This story first appeared in the Oct. 24 issue of The Hollywood Reporter magazine.
Three years after YouTube began, seeding original channels to create premium programming, the Google-owned video streamer is at it again, this time pledging to bankroll ambitious projects from a handful of its top creators and opening a New York studio on Nov. 6 to complement spaces in Los Angeles, Tokyo and London.
But a lot has changed since 2011, when YouTube wrote checks to everyone from Madonna to beauty vlogger Michelle Phan (with a mixed record of success). Now a number of digital platforms are courting its top creators with lucrative deals and a more favorable revenue share than the 45 percent that YouTube typically charges. The new entrants have the potential to dramatically alter the landscape for top YouTubers.
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Former Hulu CEO Jason Kilar has raised millions from A-list Silicon Valley backers for Vessel, a stealthy video platform expected to launch this fall as a primarily subscription service for short-form content. Kilar is said to be offering sizable up-front paychecks to YouTube stars who sign up and reportedly is asking advertisers for CPMs (cost per thousand viewers) as high as $50. Meanwhile, a group of seasoned YouTube veterans launched Victorious this summer to develop mobile apps for creators that house exclusive videos, library content and monetization tools. The company already has lured Phan, vlogger Shay Carl and actor Ryan Higa.
Established players are feeling out the space, too. Facebook has been improving its video player with new products such as a view counter, and has been encouraging YouTube talent to test uploading videos directly to the platform instead of through embeddable links. To wit, YouTube star Ray William Johnson debuted web series Riley Rewind on Facebook in December, giving it a one-day window of exclusivity. Even Yahoo has held meetings with creators about distributing content via its platform, although sources say that those efforts are less developed.
Each is approaching content in unique ways, but one thing is clear: There’s never been a better time to be a YouTube star. “With an increasing number of platforms competing for a limited supply of unique content and personalities, creators are in a very good place,” says consultant Peter Csathy of Manatt Digital Media. “That demand is a great thing.”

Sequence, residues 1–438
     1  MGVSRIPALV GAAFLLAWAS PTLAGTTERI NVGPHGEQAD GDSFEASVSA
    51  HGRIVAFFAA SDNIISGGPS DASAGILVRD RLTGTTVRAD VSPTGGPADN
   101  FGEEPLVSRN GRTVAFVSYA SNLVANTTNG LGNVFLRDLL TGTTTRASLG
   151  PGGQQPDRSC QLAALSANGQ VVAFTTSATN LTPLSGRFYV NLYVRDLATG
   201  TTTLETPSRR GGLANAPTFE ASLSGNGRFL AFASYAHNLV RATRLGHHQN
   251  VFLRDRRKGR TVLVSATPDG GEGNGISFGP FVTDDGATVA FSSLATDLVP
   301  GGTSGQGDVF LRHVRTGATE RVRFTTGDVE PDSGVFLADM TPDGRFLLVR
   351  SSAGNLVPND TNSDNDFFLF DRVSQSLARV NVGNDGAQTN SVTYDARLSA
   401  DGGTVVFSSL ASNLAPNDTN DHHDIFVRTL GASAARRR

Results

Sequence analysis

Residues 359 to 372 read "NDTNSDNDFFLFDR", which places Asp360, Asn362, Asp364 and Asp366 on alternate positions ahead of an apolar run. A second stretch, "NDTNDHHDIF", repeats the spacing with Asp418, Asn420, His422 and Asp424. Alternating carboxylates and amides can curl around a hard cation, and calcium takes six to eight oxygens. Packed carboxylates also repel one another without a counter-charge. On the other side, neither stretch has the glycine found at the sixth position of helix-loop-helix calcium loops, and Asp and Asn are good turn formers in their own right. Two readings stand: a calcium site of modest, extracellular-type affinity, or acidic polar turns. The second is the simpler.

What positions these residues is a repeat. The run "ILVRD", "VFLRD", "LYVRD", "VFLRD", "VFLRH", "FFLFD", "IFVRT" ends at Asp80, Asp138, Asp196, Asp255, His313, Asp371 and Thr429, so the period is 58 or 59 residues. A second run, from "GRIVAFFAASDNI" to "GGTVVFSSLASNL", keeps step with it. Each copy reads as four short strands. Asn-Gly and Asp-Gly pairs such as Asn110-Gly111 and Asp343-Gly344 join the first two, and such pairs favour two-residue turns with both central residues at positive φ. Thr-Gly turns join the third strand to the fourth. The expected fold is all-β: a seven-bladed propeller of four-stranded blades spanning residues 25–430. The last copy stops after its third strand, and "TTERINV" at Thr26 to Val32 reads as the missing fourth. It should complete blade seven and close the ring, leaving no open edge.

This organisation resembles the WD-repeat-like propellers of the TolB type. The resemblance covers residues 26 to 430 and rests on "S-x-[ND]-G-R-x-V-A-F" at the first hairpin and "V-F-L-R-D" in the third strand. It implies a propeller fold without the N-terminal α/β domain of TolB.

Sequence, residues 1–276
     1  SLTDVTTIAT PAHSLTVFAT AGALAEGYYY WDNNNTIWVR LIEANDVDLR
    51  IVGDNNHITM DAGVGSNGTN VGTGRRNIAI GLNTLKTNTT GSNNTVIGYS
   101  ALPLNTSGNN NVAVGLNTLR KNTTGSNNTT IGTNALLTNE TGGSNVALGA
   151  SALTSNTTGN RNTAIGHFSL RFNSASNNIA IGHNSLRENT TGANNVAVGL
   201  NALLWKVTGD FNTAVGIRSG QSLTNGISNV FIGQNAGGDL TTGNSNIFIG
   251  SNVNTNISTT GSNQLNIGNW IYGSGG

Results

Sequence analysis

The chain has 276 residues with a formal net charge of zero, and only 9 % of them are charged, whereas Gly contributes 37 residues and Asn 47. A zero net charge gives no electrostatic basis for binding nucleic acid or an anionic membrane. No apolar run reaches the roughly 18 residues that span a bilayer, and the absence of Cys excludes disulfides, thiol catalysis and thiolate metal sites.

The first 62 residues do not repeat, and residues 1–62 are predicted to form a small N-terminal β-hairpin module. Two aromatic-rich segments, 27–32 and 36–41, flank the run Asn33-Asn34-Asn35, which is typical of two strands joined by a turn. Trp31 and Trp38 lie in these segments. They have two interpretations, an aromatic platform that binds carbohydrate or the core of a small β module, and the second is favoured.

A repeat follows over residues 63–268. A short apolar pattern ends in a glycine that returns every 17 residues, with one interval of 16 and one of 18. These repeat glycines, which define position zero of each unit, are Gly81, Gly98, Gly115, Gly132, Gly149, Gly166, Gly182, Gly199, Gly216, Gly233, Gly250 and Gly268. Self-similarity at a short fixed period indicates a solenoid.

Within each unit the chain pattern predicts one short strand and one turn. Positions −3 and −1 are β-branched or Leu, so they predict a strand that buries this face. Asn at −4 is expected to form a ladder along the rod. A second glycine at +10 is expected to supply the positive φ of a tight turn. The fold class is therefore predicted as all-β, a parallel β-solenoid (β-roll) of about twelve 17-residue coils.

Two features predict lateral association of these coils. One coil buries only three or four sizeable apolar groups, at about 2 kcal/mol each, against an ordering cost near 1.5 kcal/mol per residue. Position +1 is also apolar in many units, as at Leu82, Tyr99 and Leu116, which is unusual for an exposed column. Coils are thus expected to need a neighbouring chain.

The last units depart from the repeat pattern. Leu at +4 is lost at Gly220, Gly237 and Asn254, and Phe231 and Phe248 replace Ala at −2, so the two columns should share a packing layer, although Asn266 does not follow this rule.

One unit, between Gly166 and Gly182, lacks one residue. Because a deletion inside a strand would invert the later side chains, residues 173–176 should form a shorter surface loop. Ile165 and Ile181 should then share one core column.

Many see the diversification of platforms as part of a natural maturing process. With the economic model for short-form video finally getting figured out, talent has more leverage. “One of the most interesting new categories of public figures is this next generation YouTube talent,” says Sibyl Goldman, Facebook’s head of entertainment partnerships. “We’ve been trying to give this talent the same attention that we’ve given to others.”
With more than 1 billion viewers each month, YouTube still is the undisputed king of online video. A September report from eMarketer pegs the streamer’s 2014 ad revenue at $1.13 billion, a 19 percent share of the U.S. digital video ad market. But that market share is unlikely to increase as more ad dollars flow online, says the eMarketer report, and many say YouTube has started looking over its shoulder. One digital executive believes that’s the reason for YouTube’s latest funding efforts. “They’re trying to keep people from jumping off the platform,” says this exec. This source says YouTube now will pay as much as $4 million to land hot projects, though that number is expected to vary wildly. (A spokeswoman declined to comment.) YouTube’s newly minted originals chief Alex Carloss has framed the initiative as an evolution of its content strategy to fulfill talent’s “creative ambitions but also deliver new material to their millions of fans on YouTube.”
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Thanks to its scale, YouTube remains the dominant outlet for creators seeking a portion of ad revenue sold around their videos. The platform’s megastars have been able to rake in millions a year (Swedish gamer Felix Kjellberg, aka PewDiePie, recently boasted that he made $4 million in ad sales in 2013, and has suggested he might leave Disney’s Maker Studios to create his own network). But many creators complain about the economics of the site, which often has lower CPMs than other video platforms because of the glut of low-quality content (think cats playing pianos). YouTube launched a preferred ad program in April to boost CPMs, which sources estimate can range from $7 to above $20, and says it has sold out of that inventory.
Now the entrance of deep-pocketed streaming alternatives could give YouTubers added leverage to window their content — much like movies and TV series are windowed from first-run to pay cable and beyond — or to extract up-front payments and more favorable ad splits. “Previously, YouTube was almost always the first place to go,” says Csathy. “But this fight over exclusivity will increasingly become part of the YouTube economy.”
Ask the digital community, however, and few executives suggest that a creator should abandon YouTube entirely. “There’s a wider audience on YouTube than anywhere else,” says Barry Blumberg, executive vp at Defy Media, whose comedy channel Smosh distributes content on its website and other platforms in addition to YouTube. “With a brand like Smosh, we’re never not on YouTube.” He and many others believe there’s a balance to be struck between the various platforms.
The million-dollar question for these upstarts is whether YouTube’s young audiences will follow their favorite stars to new platforms, especially those that charge for content. “This audience is fickle,” says one digital agent. “You risk alienating your audience by forcing them to do something they don’t want to do.”